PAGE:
Tuesday, June 2, 2009

New MBA Students' Interest in Finance

We all know how tumultuous last year was. The economy nose-dived, and popular, highly regarded firms such as Lehman, Bear, AIG, and Merrill collapsed or disappeared. We dare to utter the bad words of finance: derivatives, securitization, sub-prime mortgages, and leverage. And then we wondered if the new crop of MBA students would flee from careers in finance or approach them with less rigor and passion as their elders did in previous years.

However, new Consortium MBA students at this year's 43rd Annual Orientation Program in Charlotte (above) still expressed a broad range of interests in financial services. Of the 300-plus new students, 81 indicated an interest in finance or in a specific sector of finance. That hardly differs from the trends in previous years, where those with similar interests often ranged from 70-90.

That there was not a significant decline in those considering finance could be attributed to the following:

1. New students are confident and optimistic there will be an economic recovery and are hopeful there will be opportunities across the board.

2. Many students were already in financial services, but now want to pursue a specialty. (A student who might have worked in commercial banking may now be interested in private equity. Or one who worked as a financial broker wants to pursue investment management.)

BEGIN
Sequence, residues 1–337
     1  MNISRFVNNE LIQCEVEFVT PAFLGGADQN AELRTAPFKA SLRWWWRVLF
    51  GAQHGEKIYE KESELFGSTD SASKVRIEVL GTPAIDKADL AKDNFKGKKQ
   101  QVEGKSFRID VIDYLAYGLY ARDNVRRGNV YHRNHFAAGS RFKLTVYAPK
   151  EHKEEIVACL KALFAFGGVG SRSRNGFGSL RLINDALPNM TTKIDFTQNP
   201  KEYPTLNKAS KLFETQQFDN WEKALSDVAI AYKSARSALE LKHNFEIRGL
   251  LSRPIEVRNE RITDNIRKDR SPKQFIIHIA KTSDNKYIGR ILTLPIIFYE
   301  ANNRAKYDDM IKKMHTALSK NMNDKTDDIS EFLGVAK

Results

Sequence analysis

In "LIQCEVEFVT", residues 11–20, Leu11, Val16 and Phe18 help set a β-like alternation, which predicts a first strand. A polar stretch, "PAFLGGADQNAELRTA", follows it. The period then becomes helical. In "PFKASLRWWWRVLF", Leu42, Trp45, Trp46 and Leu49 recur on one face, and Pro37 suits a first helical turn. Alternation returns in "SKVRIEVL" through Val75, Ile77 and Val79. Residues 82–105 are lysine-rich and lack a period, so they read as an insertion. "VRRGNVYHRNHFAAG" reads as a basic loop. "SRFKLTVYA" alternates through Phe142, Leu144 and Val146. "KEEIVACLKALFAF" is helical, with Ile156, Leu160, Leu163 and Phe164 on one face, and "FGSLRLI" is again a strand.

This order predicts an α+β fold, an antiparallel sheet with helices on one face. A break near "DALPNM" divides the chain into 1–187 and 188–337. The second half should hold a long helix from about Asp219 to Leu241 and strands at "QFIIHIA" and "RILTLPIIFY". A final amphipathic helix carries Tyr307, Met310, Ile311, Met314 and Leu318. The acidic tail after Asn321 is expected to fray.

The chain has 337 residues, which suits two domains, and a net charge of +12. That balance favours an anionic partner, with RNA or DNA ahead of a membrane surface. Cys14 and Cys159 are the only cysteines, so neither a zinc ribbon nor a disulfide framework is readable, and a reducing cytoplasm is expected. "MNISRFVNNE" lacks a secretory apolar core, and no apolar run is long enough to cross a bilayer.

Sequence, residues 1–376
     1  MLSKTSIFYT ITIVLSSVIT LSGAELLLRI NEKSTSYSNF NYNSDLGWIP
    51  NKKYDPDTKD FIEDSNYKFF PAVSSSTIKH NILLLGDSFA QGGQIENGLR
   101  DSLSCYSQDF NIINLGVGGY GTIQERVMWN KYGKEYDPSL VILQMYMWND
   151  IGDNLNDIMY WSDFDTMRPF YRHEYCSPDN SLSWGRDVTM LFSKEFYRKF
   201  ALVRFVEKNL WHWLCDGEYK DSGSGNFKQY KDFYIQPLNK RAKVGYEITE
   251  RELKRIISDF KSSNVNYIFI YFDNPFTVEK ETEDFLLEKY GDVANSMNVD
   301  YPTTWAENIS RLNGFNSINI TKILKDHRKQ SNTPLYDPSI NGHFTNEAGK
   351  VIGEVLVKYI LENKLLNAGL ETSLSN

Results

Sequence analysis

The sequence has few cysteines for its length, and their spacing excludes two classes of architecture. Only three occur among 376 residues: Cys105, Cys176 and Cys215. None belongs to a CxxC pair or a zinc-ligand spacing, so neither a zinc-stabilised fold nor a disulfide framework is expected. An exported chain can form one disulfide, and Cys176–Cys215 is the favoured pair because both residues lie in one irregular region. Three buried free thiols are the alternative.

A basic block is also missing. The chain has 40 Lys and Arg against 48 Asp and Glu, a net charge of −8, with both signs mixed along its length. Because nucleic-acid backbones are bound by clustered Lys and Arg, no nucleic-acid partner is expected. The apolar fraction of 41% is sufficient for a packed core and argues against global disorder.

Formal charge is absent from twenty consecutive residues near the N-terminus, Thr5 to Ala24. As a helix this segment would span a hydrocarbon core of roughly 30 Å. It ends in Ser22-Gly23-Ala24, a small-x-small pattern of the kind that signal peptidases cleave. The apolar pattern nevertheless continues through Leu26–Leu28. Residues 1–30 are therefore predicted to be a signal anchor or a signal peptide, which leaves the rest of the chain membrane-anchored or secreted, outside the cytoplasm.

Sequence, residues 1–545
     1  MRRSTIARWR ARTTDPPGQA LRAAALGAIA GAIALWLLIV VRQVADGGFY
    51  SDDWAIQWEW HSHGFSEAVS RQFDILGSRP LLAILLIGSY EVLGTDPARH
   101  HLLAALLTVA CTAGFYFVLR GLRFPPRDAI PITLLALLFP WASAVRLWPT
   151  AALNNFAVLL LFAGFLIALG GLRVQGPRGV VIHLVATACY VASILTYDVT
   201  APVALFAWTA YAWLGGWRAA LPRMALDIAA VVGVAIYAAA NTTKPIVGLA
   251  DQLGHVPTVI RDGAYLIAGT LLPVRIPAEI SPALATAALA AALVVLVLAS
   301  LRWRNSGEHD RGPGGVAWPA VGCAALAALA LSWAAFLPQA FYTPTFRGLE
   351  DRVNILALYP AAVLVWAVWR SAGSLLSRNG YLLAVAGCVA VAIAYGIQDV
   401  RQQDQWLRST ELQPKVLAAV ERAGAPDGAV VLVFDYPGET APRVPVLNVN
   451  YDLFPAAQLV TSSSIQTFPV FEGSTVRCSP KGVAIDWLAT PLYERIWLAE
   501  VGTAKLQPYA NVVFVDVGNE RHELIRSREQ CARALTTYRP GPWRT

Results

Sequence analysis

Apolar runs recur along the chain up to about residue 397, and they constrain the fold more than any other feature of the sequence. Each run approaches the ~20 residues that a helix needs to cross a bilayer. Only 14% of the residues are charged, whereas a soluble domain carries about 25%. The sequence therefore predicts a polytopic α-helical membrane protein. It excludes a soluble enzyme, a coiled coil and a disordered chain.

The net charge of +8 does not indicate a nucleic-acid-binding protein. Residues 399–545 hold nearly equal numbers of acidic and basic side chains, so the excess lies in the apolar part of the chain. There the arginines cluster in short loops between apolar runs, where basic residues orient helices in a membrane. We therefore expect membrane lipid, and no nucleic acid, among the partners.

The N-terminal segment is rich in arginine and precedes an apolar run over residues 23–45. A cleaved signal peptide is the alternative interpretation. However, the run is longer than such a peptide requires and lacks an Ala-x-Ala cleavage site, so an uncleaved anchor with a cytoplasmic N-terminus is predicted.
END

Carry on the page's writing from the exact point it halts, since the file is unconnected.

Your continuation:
3. Some students were involved in unrelated careers, but want finance to help polish or round out their backgrounds.

4. Some had strong backgrounds in math and engineering and are inevitably attracted to the quantitative challenges of finance--without regard to financial upheaval around them.

5. Some want invaluable experience in finance in the first stages of a career. They want finance as a foundation before moving into other careers 5-10 years later (in, for example, real estate, entrepreneurship, or technology).

6. Those already in finance might have decided that the best time to return to school is when opportunities are scarce and the market is down.

The 81 said they would likely pursue careers across a wide range of opportunities: investment banking, commercial banking, real estate, corporate finance, venture capital, private equity, sales & trading, private wealth management, and asset management.

The number also doesn't account for those who while in business school decide they want to pursue finance after starting with a different interest.

Were there trends from other years? Fewer might be considering some of the roles in generalist investment-banking or in equity research. Few expressed interested in sales & trading or "exotics" trading. More appeared to be interested in wealth- and asset-management positions.

Among Consortium schools, some, as expected, had large numbers with finance interests: NYU, Carnegie Mellon, Virginia, Michigan, and Dartmouth, schools that usually attract many who may have an eye on banking, trading, or investing.

Some smaller schools had more than expected: Emory, e.g. New Consortium school Yale had a large number--more than might have been expected, because of its broad core curriculum and novel approach to management study and because of its public-policy heritage.

The actual numbers, by school, are shown below. In sum, the expected large drop didn't happen. What we should watch for is whether students will divert to other careers if opportunities for internships next summer dwindle more than they did this year.
Tracy Williams

No. of First-Year Consortium Students with Interests in Financial Services:








Carnegie Mellon-6







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